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Examining the Comeback: Is Vitali Klitschko All He's Cracked Up to Be?

Scott Christ is the managing editor of Bad Left Hook and has been covering boxing for SB Nation since 2006.

Before I begin, let me say that I think Vitali Klitschko is firmly and unquestionably the No. 2 heavyweight in the world. I am not questioning whether or not Vitali is still a top heavyweight. He is. I am questioning how good he is, and whether or not he deserves to be seen in the "unbeatable" sort of light that he largely has been since returning in 2008.

Vitali Klitschko's comeback has been some inspired stuff. After retiring for just shy of four years due to injuries that figured to keep him out of the sport for good, he's returned to go 4-0 and hardly lose a round in the process, knocking off a fearsome titlist, a crafty veteran, and two unbeaten young Americans.

The other day, Vitali said he felt his younger brother, Wladimir, was clearly the best heavyweight in the world today, and that Wladimir was "better than" he is anymore. He made no bones about it. Some people questioned the validity of that. Many still pick Vitali over Wladimir in a perfect world where perhaps they could fight.

I could not disagree any more than I do. I don't mean to sound smug or anything, but have I been the only one watching Vitali's comeback fights? Yes, he's been dominant, but against what opposition?

Two of the four fighters he's faced were tailor made for him and beat themselves as much as anything. Samuel Peter fought about the dumbest fight I've ever seen when he faced Vitali on October 11, 2008, repeatedly doing nothing but walking into heavy, slow Klitschko jabs. There was one wonderful photo from that fight that pretty much summed up the entire eight rounds of dominance, before Peter threw in the towel and went to Top Rank to rebuild his career:


(AP Photo)

Arreola did much the same. Over and over, he stepped into Klitschko's punches without a care in the world it seemed, until after 10 rounds, with Arreola's face bloodied, bruised and swollen, his corner pulled him out of there, mercifully stopping the beating from continuing. In both fights, it was tough to find a round to give Arreola or Peter. They were both powerful, tough heavyweights, and both knelt at the feet of the creaky old man, whose superior boxing knowledge made them look like scrubs.

But then there's the other two fights. Juan Carlos Gomez came to stink out the joint. That was his plan. He thought he could fight ugly enough to squeak a decision. And Vitali looked stiff as a board early in that fight, too. Gomez, instead of attacking, stayed with Plan A. If he had adjusted early, he might have been able to keep Vitali from ever getting out of the blocks. Instead, Gomez's boring gameplan allowed Klitschko to loosen up, at which point the big man wore Gomez out. He took JCG to the woodshed and beat him down, earning a TKO-9 victory. That fight came between the Peter and Arreola fights.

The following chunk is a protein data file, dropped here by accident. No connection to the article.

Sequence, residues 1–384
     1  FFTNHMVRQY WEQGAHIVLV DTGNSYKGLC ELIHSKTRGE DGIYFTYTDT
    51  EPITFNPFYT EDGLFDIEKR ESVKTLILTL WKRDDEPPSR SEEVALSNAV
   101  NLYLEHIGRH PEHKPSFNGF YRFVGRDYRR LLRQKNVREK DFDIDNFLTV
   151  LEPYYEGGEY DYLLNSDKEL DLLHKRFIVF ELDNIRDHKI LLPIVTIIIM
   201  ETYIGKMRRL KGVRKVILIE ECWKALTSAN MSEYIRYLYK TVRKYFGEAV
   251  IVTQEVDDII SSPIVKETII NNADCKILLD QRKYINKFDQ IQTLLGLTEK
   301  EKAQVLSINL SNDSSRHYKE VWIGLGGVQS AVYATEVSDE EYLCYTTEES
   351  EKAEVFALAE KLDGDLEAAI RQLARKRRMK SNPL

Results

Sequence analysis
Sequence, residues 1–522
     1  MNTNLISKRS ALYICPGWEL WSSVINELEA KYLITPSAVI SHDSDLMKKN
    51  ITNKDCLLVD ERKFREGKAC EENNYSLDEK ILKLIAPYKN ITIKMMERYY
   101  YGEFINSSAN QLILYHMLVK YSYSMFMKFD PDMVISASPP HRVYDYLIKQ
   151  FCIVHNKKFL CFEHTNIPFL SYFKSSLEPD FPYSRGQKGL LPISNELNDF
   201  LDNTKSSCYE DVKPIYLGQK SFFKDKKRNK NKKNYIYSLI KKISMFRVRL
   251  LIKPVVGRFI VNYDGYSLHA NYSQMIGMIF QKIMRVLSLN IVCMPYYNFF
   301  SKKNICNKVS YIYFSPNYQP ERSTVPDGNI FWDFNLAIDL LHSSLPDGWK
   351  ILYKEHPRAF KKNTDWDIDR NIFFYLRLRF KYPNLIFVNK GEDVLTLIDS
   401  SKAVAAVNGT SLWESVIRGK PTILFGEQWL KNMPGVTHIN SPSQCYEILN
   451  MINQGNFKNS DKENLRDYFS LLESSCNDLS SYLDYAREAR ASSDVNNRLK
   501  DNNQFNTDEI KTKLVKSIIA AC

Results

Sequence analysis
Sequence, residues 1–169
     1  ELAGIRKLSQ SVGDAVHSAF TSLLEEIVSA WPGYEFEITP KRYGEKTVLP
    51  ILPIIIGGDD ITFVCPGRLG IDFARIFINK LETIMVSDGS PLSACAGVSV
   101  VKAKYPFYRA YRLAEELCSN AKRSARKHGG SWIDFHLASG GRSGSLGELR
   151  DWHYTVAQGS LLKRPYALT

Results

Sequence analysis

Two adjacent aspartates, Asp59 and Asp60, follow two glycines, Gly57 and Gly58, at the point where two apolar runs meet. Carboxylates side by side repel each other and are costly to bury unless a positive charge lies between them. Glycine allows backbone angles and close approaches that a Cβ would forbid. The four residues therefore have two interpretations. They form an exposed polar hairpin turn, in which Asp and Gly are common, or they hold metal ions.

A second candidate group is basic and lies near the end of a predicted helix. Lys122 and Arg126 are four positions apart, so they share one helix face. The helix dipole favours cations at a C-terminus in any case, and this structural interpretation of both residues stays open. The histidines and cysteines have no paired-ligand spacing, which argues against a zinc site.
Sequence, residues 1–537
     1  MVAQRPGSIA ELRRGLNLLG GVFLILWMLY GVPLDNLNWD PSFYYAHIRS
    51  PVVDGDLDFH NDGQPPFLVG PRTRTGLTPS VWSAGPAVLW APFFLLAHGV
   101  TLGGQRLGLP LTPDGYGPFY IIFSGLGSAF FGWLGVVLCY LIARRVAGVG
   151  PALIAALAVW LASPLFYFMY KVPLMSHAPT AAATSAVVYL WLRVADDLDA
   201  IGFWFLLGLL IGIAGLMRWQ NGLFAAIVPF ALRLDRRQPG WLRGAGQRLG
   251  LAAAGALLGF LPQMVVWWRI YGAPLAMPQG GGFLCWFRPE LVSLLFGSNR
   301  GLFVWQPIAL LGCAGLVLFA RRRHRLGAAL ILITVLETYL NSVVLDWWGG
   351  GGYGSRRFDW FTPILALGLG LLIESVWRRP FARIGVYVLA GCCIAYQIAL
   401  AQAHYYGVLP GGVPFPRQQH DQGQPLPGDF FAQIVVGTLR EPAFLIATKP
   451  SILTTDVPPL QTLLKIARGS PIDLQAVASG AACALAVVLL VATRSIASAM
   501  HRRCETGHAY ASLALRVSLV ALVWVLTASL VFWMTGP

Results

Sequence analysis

Most recently, Vitali had all kinds of trouble with Kevin Johnson. It wasn't the sort of trouble that makes for a close fight. Vitali won every round. Johnson didn't come to fight. But it also struck me that as easily as Vitali was able to beat the younger man that night, it also might have shown a better, braver fighter than Johnson a way around the Vitali Klitschko aura.

Johnson just didn't allow Klitschko to do anything. Imagine if "Kingpin" had come to throw punches at any point in that fight. He really might have had a chance.

All I'm saying is that someone better than Johnson, bigger than Gomez, and smarter than Peter or Arreola could give Vitali Klitschko some serious problems. He's not getting any younger, and that back isn't getting any looser. Klitschko is old, shop-worn (more due to injuries than punishment taken), and thrives only when fighters allow him to do what he wants to at will. In both the Gomez and Johnson bouts -- again, clear victories, but really uninspiring performances -- he found himself across from someone that didn't just come at him and get hit. He didn't look nearly impressive in those fights as he did against Arreola and Peter.

Is there anyone like that? Wladimir Klitschko, of course, is all of those things (better than Johnson, bigger than Gomez, smarter than Peter/Arreola). I would take Wladimir over Vitali without a second thought anymore, because while Vitali may still have the power to test Wladimir's chin, I don't think he'd ever get to it. Could Vitali get past the Wladimir jab? Sure, as a younger man. But like his brother, he's not exactly a risk-taker anymore. And I don't think he has Wlad's one-punch power anymore either, partially because almost everything he throws anymore is a pure arm punch.

Depending on how Haye looks against John Ruiz, I think I'd pick David Haye over Vitali now. I don't think it'd be anything close to exciting. I think he'd use his speed, his movement, and occasional bursts of offense to grind out an ugly decision, much as he did with Nikolai Valuev. That is, if Haye really has the guts to attack Vitali, even in bursts. And that's the big X-factor in that potential matchup.

Other than that, though, there really isn't anyone out there that fits the bill. So that means that Vitali Klitschko is certainly the No. 2 heavyweight in the world, but I feel we're not really saying much when we say that, either. It's a weight class full of guys who just aren't right to beat him, for one reason, another, or several. It's another instance of the current version of Vitali Klitschko maybe not being all that great, but he's sure as hell a lot better than the vast majority of today's heavyweight field, and if he's not actually better, his style, his size, and the limitations of others make him a prohibitive favorite over just about anybody.

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